Tuesday, March 29, 2011

Arkansas Man Invents Device To Bleep Out Bad Language On TV

A University of Arkansas graduate from Rogers has invented a device that is helping to clean up some of the language on TV.

It’s called TVGuardian, and it reads closed captioning on TV shows and movies then mutes certain language replacing it with a profanity free version. It was invented more than a year ago by Rick Bray.

“We were on vacation, sat down to watch ET and ET had some language in it we had forgotten about, we had nieces there too it was quite a surprise,” said Bray.

It led Bray to invent and paten the new device. He said even family shows and movies like the Blind Side contains some questionable language. TVGuardian allows families to enjoy the programming without having to worry about certain words and phrases.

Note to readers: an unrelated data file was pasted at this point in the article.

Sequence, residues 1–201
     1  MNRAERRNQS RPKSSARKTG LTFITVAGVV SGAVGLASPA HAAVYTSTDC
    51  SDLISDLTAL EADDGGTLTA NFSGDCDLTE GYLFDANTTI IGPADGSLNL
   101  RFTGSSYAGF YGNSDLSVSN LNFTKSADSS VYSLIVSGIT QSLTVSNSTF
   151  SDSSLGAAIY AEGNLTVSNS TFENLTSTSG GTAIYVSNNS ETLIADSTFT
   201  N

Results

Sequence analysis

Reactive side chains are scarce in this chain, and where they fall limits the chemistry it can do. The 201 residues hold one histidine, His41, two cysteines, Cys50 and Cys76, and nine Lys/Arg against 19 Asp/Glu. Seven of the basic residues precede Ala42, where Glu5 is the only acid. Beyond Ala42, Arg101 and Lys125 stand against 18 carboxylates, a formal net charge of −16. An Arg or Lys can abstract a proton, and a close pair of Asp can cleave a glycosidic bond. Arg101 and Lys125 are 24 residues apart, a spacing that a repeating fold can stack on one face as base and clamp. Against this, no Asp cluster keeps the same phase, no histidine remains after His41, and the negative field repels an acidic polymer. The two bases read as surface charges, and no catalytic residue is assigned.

“You might see something like move your tail pop up instead of what was actually there,” said Bray.

There are also all sorts of settings to meet your family’s needs. The device costs $130 dollars for a standard TV and $180 for HD TV. Bray said the last few years have been tough. Due to the digital conversion some of their parts were obsolete and they had to go off the market, but now the business is back on track.

“We’re selling thousands each month,” said Bray.

According to the Parents Television Council TV profanity has increased 69 percent since 2005. Bray said parents need help monitoring what their child is watching and he’s glad to provide it.

“Standards keep on loosening, the only control parents have on what comes through TV is through technology,” said Bray.

TVGuardian can only be purchase online at TVGuardian.com.

Read More From 5 News Online

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